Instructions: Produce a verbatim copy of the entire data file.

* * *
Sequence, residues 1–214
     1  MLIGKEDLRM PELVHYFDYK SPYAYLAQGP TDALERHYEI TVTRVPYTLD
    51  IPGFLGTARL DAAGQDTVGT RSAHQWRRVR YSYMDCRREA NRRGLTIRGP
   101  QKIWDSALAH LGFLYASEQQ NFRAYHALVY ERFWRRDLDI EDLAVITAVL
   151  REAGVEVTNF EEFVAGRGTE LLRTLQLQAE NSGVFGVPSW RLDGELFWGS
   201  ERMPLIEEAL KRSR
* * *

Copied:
Sequence, residues 1–214
     1  MLIGKEDLRM PELVHYFDYK SPYAYLAQGP TDALERHYEI TVTRVPYTLD
    51  IPGFLGTARL DAAGQDTVGT RSAHQWRRVR YSYMDCRREA NRRGLTIRGP
   101  QKIWDSALAH LGFLYASEQQ NFRAYHALVY ERFWRRDLDI EDLAVITAVL
   151  REAGVEVTNF EEFVAGRGTE LLRTLQLQAE NSGVFGVPSW RLDGELFWGS
   201  ERMPLIEEAL KRSR